North Bay ResidenceBeach Style Landscape, Seattle
Photographer: Jay Goodrich
This 2800 sf single-family home was completed in 2009. The clients desired an intimate, yet dynamic family residence that reflected the beauty of the site and the lifestyle of the San Juan Islands. The house was built to be both a place to gather for large dinners with friends and family as well as a cozy home for the couple when they are there alone.
The project is located on a stunning, but cripplingly-restricted site overlooking Griffin Bay on San Juan Island. The most practical area to build was exactly where three beautiful old growth trees had already chosen to live. A prior architect, in a prior design, had proposed chopping them down and building right in the middle of the site. From our perspective, the trees were an important essence of the site and respectfully had to be preserved. As a result we squeezed the programmatic requirements, kept the clients on a square foot restriction and pressed tight against property setbacks.
The delineate concept is a stone wall that sweeps from the parking to the entry, through the house and out the other side, terminating in a hook that nestles the master shower. This is the symbolic and functional shield between the public road and the private living spaces of the home owners. All the primary living spaces and the master suite are on the water side, the remaining rooms are tucked into the hill on the road side of the wall.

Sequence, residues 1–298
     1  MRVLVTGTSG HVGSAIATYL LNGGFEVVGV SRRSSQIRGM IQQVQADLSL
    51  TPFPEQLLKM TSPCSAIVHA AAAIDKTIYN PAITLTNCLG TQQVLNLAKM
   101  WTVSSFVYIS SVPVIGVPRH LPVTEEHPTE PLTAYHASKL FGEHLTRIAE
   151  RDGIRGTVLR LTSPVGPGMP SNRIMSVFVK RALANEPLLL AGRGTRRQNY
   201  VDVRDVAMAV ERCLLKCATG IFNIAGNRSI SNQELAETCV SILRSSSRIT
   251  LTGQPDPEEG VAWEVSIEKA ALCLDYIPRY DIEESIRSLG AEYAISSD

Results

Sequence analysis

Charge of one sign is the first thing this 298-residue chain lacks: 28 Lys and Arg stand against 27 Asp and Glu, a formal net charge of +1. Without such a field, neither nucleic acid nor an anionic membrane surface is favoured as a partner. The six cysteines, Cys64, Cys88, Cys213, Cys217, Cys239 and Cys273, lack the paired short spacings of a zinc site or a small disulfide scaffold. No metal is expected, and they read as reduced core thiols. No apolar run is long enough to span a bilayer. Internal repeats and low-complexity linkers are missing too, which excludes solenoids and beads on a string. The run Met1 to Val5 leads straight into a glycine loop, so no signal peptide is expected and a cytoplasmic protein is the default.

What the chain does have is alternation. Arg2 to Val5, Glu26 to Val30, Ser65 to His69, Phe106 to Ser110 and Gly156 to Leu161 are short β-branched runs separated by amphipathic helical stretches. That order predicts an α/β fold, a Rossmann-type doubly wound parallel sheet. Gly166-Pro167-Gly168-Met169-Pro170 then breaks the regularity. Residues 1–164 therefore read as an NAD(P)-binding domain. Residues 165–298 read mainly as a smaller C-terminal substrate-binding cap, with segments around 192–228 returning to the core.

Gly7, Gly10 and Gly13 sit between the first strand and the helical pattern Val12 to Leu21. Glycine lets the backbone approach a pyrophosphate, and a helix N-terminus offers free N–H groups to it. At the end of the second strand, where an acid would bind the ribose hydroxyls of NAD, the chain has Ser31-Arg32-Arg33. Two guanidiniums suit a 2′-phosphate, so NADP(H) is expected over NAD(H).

Off-setting the solid massing of the stone walls is a pavilion which grabs the views and the light to the south, east and west. Built in a position to be hammered by the winter storms the pavilion, while light and airy in appearance and feeling, is constructed of glass, steel, stout wood timbers and doors with a stone roof and a slate floor. The glass pavilion is anchored by two concrete panel chimneys; the windows are steel framed and the exterior skin is of powder coated steel sheathing.
What Houzz contributors are saying:
Design Green Roofs for InfiltrationGreen roofs have the ability to slow water and to sink water. The shallow types, such as this green roof planted with sedum, offset roof runoff by soaking up water during small storms. Deeper green roofs infiltrate even more water. Find a green roof specialist in your area
Alternative roof materials. There are various alternative roof materials you might consider if your home is the type that can truly stand out from the crowd and make a statement. Many of these materials are environmentally conscious options, like the living roof shown here.Read more about alternative roof materials
Green roofs. Alpine plants are also perfectly suited to green roof applications, because of their drought tolerance and low stature. Sedum varieties (shown here) vary greatly in texture and color, creating a detailed carpet of plantings that will add interest to an otherwise static surface.
An “extensive” green roof, on the other hand, is a thinner, lighter, version that looks more similar to a standard roof. It can be sloped or flat. Often it will be planted with sedum (stonecrop). Many "semi-intensive" green roofs are home to an array of plant species, including native grasses and flowers.